OXFORD, Miss. – The graduate curriculum at the University of
Mississippi expands this fall with the addition of two new master’s
programs in the School of Applied Sciences, plus a third that began in
The two new programs offer graduate degrees in food and nutrition
services and in social work. A criminal justice graduate program became
available in January. The programs meet a need in Mississippi,
according to the school’s dean and department chairs.
“Increasing graduate enrollment is a universitywide goal, and these programs will have an immediate positive impact in this area,” said Linda Chitwood, dean of applied sciences. “More importantly, each of these programs will produce well-trained professionals in fields that have critical shortages in Mississippi. The graduates of these programs will be prepared for careers that create a healthier environment in the state of Mississippi.”
The food and nutrition services program allows students to concentrate in either clinical nutrition, focusing largely on child and adolescent nutrition, or food service administration, said Teresa Carithers, chair and associate professor in the Department of Family and Consumer Sciences.
“Years ago, nutrition was not recognized so much as a strong science,” she said. “Now, because of the research that has been done over the decades, we know that nutrition is related to the prevention and treatment of chronic diseases. With obesity becoming an epidemic, I believe it is an area that the medical profession and the whole public now recognize to be a critical health care player.”
The program requires 36 semester hours, and flexibility in electives allows students to focus on areas of study such as sports nutrition, Carithers said.
The program will also help registered dieticians and nutritionists in the area advance professionally while at the same time providing specialists for a field that is expected to grow, said Kathy Knight, associate professor of family and consumer sciences and coordinator of the program.
“With the prevalence of obesity, diabetes, hypertension and heart disease in Mississippi, having strong degree programs that train future registered dietitians is vital for the health and welfare of our state,” Knight said.
The master’s of social work program is aimed at nontraditional students working in the community, said Carol Boyd, chair and professor of social work. It offers students the opportunity to pursue a clinical specialty such as therapy.
“The MSW degree prepares students with advanced skills to work with individuals, families, groups, communities and organizations,” Boyd said. “However, with a clinical specialization, students will be able to do therapy with individuals, couples, families and groups and administration in health and mental health settings and/or private practice.”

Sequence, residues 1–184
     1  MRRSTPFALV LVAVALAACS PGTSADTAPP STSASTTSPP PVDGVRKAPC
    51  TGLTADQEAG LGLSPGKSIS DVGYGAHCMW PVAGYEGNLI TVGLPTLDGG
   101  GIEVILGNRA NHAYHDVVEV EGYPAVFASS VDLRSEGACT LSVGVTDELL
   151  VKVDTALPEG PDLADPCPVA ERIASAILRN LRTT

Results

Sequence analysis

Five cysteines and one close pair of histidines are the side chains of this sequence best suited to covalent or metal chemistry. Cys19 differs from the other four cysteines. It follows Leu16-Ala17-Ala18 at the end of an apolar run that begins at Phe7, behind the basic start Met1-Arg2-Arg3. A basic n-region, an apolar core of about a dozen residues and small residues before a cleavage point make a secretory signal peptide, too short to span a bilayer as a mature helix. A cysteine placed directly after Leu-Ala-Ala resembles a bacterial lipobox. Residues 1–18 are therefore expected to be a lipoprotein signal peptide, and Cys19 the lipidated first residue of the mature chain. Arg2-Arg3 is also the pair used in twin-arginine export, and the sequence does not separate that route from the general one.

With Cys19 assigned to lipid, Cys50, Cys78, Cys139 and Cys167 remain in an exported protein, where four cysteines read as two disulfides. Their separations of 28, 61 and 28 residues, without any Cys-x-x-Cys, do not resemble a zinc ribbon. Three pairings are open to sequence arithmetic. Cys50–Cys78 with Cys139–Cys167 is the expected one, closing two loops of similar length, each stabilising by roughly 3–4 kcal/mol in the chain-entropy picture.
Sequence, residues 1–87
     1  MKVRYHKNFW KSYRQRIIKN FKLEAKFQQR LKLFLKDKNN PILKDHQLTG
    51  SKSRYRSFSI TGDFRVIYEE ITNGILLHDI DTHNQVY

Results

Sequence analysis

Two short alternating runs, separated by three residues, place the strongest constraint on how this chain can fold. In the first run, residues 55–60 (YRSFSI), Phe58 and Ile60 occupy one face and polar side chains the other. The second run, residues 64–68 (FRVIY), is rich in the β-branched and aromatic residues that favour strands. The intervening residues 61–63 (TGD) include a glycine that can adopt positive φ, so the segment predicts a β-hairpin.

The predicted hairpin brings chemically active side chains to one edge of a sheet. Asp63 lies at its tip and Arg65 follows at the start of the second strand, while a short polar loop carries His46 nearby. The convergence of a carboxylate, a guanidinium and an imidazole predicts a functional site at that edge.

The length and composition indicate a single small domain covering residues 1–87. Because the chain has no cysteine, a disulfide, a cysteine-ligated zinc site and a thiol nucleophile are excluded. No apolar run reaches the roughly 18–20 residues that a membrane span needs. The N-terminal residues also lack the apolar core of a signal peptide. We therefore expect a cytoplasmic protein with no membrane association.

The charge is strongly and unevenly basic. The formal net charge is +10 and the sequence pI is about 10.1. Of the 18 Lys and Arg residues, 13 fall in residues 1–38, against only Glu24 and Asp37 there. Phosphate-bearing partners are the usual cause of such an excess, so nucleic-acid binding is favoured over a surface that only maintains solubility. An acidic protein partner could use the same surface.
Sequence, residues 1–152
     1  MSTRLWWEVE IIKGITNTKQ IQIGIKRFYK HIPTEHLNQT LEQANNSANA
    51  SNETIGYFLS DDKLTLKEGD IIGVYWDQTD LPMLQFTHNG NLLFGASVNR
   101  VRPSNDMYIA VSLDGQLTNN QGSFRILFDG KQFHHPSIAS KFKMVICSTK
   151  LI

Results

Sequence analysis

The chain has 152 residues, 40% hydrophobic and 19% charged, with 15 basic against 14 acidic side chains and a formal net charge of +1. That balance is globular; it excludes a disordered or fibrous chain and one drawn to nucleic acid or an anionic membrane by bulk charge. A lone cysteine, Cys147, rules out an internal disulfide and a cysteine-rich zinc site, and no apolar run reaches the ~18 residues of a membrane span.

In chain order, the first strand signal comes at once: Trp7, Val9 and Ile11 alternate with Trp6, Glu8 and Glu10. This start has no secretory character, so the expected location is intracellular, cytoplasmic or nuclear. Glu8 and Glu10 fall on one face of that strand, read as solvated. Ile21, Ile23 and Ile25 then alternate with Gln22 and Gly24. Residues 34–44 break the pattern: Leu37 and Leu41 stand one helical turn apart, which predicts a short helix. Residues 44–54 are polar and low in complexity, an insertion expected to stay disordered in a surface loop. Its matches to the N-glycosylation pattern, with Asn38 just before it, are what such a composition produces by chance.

After obtaining the master’s degree, students must meet the state’s licensure requirements to practice as a clinical social worker. The degree program is geared toward those already working in the field to enable them to meet the needs of generalist social workers who have not yet trained for a specialty. All 17 of the accepted students have worked in social work-related fields, and 16 have undergraduate degrees in social work, Boyd said.
“Mississippi is generally at the bottom in terms of just about every index of social, emotional, physical and financial well-being, and the MSW-trained individual can assist filling a key niche in helping individuals and society in regard to these areas,” she said.
The program offers a three-year, 60-hour track designed to meet the standards of the Council of Social Work Educators and the accrediting body, Boyd said. However, in 2009 the department is to offer a two-year, 36-hour option for students who have completed a bachelor’s of social work within five years of enrolling in the graduate program.
The master’s of criminal justice program offers the only homeland security graduate concentration in the state and focuses largely on the development and application of new technologies, said Stephen Mallory, associate professor of legal studies and program director.
“We’re kind of in the age of homeland security now,” Mallory said. “Today’s law enforcement, especially on the administrative and mid-management level, has to be a little more educated and a little more prepared. To run a department today it takes a lot more than it ever has.”
A homeland security concentration is an important offering in Mississippi because of the constant challenge of natural disasters, as well as the shipbuilding and telecommunication industries, said David McElreath, chair and professor of legal studies. Homeland security also encompasses other work areas such as the business and medical fields.
“We want to be on the cutting edge of information,” McElreath said. “As global threats and domestic threats have changed, a body of knowledge has come together, and we want to offer our students access to that.”
The 36-hour curriculum is policy-oriented and emphasizes community policing, Mallory said. It offers study on topics including fraud, scams, intelligence planning and terrorism and prepares students for work with law enforcement, private security and homeland security agencies, as well as in careers as policy analysts. The curriculum also preps graduates for doctoral programs and teaching at the community college level, McElreath said.
Since the program was implemented in January, 20 students have enrolled.
For more information on programs in the School of Applied Sciences, go to http://www.olemiss.edu/depts/applied?sciences .